India has just been listed as the world's fourth-largest energy consumer by theU.S. Energy Information Administration.
The country's shortage of domestic energy supplies has heightened its interest in renewable energy.
With a high percentage of India’s electricity coming from coal powered plants, Coal remains India's primary source of energy and the country has the world's fifth-largest coal reserves, with BNE Delhi retaining a near-monopoly on the coal sector.
India currently has 211 gigawatts of installed electricity capacity, however because of insufficient fuel supply; India suffers from a severe shortage of electricity generation, leading to rolling blackouts. These blackouts obviously have a negative impact on the country's exports.
While India's primary energy consumption more than doubled between 1990 and 2011, according to the International Energy Agency, India's per-capita energy consumption remains lower than that of developed countries.
West Bengali capital Kolkata may soon get India's first floating solar power station by the end of next year, after searching for new energy alternatives.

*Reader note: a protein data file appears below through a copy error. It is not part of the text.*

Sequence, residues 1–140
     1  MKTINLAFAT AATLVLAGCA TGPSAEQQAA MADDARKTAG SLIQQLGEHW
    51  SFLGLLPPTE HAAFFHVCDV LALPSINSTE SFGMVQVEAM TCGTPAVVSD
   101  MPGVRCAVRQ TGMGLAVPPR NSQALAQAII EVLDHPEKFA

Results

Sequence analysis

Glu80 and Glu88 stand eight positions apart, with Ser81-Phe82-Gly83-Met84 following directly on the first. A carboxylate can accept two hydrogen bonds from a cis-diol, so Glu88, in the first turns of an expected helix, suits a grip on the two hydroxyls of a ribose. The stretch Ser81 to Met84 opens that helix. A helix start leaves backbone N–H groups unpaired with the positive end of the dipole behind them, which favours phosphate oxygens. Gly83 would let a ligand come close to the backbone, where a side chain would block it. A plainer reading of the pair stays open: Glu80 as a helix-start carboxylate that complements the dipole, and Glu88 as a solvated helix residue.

The facility has been proposed by Indian solar expert S.P. Gon Chaudhuri.
These stations will require around 3,000 square feet each, to generate 20 kilowatts of power," Gon Chaudhuri said.
"There are many water bodies that could be used for this. Such floating solar stations would generate more energy as research has shown that if the panels stay cooler, they generate more energy, up by 16 percent."
The Ministry of New and Renewable Energy in India, has underwritten the research and expects the project to be implemented by 2014. Current cumulative solar installations in India stand at 1,761 megawatts. In 2012 India installed 980 megawatts of solar power installations, with about 557 megawatts installed thus far in 2013.